Don’t know what light they use and I am not certain how the electronics inside the light will change the output vs the chart linked above. Nearly certain the output would have to be be lower than the chart but not sure how much. The specs for the light pretty much confirm that your friend is not walking around at 1800 lumen the whole time. They list a minimum run time of one hour with a 3500 mAh battery. That would be an average of 3.5 Amps. Looks like you coud get maybe 1400 lumen from that but given the fact that it starts at 1800 Lumen it would be drawing more for some time and therefore must settle down lower than 3.5A. Hopefully someone who understands how an actual flashlight is different from that chart can add to this.


Wow these things are complicated, whatever happened to just turning a light on and off again lol.

So if I’m understanding this correctly, whilst I might set my flashlight to 2000 lumens (hypothetically) it might only stay there for several mins and then drop down to stop it from overheating? If so is there something in the specs that tells me what the max setting is that it will run at without dropping down (at least for an hour or two)?

P.S. The Astrolux EA01s I’ve ordered is the XHP 50.2 version, I’ve no idea how efficient these are.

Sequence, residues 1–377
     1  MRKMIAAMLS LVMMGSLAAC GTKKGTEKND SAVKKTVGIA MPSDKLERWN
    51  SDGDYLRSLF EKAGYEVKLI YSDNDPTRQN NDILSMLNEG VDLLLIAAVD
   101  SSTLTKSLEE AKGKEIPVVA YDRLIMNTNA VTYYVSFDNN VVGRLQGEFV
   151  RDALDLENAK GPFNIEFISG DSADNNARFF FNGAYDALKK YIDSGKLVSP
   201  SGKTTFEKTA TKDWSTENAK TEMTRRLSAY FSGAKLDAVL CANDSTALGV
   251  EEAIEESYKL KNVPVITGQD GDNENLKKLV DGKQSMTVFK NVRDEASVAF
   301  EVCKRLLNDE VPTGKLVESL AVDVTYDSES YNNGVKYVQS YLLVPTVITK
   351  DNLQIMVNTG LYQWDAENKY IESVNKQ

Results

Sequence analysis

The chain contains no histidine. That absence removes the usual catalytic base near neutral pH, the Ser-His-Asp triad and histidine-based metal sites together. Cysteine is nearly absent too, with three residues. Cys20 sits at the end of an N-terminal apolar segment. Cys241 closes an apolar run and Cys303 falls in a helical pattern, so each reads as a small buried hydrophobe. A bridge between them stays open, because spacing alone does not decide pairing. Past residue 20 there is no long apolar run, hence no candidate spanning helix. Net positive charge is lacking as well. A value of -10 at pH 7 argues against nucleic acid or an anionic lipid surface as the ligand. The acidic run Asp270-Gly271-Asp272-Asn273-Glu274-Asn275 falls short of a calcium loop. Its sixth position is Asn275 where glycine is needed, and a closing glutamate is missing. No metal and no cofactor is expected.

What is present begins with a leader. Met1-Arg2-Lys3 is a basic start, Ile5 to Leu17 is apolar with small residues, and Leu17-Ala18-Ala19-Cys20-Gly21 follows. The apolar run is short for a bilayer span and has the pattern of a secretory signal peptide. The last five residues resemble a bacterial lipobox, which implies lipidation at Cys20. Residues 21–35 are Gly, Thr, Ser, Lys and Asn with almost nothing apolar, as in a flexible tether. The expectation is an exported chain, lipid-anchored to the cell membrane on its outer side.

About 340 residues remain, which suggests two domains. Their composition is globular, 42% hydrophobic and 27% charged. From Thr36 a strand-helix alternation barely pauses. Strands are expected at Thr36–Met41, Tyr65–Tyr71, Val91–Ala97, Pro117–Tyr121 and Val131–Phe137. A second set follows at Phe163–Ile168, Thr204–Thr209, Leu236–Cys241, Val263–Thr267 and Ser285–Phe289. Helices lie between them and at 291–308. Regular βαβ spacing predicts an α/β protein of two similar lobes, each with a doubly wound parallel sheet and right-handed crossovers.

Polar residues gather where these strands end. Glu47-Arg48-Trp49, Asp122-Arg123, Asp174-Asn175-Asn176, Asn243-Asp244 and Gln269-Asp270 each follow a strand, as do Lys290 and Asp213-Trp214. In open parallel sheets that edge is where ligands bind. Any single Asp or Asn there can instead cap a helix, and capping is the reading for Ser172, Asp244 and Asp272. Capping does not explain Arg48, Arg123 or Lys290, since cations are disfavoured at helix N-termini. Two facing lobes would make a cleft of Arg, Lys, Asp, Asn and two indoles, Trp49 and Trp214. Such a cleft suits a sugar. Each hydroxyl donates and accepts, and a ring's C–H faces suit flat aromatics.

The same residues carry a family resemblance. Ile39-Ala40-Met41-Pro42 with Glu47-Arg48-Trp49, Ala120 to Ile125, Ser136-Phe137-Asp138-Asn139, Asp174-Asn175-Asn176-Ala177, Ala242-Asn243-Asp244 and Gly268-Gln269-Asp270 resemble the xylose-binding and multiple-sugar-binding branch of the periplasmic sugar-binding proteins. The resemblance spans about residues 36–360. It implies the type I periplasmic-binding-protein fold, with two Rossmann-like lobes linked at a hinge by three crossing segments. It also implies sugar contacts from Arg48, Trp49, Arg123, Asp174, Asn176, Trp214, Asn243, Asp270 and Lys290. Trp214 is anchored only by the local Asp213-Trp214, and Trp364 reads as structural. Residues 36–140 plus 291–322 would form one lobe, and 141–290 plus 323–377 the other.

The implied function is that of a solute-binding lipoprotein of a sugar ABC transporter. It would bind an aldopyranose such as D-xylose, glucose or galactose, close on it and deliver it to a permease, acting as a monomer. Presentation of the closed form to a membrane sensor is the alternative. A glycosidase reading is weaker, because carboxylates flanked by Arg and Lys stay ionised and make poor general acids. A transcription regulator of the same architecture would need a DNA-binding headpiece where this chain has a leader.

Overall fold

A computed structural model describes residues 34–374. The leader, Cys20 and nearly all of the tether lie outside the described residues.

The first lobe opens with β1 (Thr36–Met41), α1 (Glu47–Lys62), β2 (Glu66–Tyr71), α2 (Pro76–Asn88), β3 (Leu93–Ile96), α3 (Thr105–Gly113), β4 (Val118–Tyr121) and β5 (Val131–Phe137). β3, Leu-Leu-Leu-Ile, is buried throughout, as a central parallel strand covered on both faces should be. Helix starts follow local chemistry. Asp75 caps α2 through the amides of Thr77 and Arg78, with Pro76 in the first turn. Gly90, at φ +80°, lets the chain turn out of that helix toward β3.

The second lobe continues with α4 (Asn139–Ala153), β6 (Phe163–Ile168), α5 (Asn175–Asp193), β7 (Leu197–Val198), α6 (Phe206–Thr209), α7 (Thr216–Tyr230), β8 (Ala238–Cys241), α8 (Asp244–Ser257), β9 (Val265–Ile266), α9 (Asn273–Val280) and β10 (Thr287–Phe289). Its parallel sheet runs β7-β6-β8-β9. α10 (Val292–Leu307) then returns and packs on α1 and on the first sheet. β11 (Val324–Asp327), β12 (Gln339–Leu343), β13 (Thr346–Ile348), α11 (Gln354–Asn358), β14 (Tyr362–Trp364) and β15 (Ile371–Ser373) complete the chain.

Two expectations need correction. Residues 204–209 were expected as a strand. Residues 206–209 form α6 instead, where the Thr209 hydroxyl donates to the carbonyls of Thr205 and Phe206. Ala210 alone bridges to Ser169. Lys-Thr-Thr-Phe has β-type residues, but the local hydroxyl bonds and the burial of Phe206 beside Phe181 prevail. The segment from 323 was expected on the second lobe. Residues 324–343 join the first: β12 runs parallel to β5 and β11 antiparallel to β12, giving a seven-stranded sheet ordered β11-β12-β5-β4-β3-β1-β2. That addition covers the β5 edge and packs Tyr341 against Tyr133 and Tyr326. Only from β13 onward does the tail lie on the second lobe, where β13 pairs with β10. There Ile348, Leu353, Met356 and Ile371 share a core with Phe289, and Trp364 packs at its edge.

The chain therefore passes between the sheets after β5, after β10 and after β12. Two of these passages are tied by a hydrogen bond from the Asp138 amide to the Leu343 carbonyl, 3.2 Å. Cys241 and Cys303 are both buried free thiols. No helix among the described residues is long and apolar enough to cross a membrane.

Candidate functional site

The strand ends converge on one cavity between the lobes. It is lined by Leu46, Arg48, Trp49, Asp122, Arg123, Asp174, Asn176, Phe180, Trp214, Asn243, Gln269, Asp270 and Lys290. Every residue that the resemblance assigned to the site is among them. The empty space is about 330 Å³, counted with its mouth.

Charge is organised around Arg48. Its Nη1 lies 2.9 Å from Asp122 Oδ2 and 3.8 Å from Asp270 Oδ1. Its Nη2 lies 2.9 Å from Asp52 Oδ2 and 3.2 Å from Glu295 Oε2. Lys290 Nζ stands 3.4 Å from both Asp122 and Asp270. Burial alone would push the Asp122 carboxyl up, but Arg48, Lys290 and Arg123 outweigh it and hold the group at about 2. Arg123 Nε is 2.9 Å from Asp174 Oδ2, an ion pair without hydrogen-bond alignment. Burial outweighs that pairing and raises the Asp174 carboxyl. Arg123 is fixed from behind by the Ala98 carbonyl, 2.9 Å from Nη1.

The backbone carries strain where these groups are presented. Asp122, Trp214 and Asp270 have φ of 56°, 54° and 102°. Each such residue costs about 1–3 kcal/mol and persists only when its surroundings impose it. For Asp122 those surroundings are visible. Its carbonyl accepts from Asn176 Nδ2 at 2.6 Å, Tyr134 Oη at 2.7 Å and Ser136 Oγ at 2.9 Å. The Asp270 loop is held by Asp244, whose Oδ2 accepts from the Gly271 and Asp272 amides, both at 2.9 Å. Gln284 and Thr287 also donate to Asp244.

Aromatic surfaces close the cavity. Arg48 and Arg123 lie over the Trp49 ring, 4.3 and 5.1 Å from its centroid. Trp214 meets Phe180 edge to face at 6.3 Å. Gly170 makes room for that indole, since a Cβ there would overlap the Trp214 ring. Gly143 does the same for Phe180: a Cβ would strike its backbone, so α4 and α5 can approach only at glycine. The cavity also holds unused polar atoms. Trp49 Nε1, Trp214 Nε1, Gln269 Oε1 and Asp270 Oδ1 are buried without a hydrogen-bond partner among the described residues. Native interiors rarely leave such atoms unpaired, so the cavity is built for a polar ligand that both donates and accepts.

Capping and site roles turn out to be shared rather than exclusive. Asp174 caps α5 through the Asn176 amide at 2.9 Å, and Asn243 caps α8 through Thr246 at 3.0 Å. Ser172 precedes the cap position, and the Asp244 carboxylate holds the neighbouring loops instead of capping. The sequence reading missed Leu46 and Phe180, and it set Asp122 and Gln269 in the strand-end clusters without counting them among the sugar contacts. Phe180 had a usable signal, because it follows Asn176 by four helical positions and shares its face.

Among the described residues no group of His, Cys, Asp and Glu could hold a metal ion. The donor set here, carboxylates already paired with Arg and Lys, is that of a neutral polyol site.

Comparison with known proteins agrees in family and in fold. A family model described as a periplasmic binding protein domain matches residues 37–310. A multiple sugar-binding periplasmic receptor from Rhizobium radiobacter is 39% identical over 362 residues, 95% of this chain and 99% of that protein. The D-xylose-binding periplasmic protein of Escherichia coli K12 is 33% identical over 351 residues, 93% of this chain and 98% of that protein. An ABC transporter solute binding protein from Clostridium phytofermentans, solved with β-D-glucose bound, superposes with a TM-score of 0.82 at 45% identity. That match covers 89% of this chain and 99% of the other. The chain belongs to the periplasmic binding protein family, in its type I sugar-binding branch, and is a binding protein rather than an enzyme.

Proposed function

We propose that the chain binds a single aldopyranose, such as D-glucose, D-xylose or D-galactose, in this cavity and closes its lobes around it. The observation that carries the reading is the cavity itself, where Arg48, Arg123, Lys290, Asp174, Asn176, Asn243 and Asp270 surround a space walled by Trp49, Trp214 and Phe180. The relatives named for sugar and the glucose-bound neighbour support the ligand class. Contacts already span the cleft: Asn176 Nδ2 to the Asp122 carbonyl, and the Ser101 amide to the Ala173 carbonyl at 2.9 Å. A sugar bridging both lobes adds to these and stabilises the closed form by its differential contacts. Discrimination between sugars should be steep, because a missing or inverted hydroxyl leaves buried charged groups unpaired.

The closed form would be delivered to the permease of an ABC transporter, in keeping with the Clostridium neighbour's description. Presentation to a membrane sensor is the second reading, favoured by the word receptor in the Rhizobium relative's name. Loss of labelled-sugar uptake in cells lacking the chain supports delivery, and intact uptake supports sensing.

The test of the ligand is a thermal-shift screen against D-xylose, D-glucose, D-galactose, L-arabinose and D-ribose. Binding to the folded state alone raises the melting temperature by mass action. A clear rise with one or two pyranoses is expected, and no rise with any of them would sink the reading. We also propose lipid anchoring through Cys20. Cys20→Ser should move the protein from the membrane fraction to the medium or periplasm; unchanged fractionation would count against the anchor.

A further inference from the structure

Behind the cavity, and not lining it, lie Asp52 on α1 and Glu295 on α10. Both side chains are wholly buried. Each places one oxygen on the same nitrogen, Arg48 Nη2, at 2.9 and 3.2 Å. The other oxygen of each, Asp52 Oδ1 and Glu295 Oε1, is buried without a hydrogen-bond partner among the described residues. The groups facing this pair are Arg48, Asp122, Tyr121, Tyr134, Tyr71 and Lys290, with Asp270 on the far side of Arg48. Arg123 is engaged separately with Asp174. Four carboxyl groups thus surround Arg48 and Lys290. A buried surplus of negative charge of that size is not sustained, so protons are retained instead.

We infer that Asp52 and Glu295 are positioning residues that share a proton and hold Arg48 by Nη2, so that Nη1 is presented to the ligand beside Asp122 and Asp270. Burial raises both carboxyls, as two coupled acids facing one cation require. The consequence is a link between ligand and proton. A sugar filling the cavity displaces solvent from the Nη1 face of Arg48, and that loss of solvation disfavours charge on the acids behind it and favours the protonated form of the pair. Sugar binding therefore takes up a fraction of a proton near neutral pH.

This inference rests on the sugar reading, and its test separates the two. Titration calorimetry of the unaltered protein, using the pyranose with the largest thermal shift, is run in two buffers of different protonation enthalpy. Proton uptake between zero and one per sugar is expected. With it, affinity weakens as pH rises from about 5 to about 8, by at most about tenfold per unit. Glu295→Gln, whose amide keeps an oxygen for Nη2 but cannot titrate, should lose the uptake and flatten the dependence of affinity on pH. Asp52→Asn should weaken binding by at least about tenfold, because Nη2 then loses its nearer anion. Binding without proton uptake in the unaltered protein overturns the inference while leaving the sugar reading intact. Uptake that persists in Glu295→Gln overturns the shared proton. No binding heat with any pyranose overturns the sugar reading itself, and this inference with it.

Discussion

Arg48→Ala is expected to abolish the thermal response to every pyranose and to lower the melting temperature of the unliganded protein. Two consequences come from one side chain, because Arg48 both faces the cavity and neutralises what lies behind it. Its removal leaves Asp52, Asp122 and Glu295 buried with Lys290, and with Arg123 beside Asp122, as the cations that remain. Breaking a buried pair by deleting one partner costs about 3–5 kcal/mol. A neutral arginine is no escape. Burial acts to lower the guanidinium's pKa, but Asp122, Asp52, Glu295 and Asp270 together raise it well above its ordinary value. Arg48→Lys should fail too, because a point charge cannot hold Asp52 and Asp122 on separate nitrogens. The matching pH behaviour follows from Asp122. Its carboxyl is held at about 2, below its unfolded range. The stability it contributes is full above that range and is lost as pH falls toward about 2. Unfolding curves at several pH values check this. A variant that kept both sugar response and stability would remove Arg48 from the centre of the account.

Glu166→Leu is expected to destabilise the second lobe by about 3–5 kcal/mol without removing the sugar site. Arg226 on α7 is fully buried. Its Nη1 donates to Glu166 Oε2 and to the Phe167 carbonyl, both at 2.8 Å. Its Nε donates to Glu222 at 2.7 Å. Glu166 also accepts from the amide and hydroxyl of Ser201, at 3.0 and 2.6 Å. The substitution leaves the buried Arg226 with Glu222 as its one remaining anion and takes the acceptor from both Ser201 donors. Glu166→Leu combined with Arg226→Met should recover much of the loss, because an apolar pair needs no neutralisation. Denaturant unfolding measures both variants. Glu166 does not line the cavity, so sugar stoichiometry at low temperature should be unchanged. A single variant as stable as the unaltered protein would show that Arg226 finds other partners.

snerkler
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jon_slider wrote:
here is a runtime test, to help visualize how different output levels behave:

.
pic is a link to a review with more details


Thanks, interesting that if you want any kind of decent runtime it has to be below 1000 lumens. I’ve no idea whether that will be bright enough as my current light ‘claims’ to be 2500 lumens but the fact it runs off 3 x AAA alkaline batteries, and my friend’s Exposure Diablo that claims to be 1800 lumens is much brighter, clearly my current light is not 2500 lumens.
snerkler
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Hi,

The link in the original post isn’t working and I was wondering what the best way is to ‘store’ batteries when the flashlight is not being used for an extended period of time? For non-protected Li-ion batteries is it best to remove from the light and store in a plastic case, or is it best to leave in the light so that it benefits from the low voltage protection supplied by the flashlight (Anduril). Likewise for a protected battery, I assume for a protected battery its own LVP would protect it regardless?

Any help would be appreciated.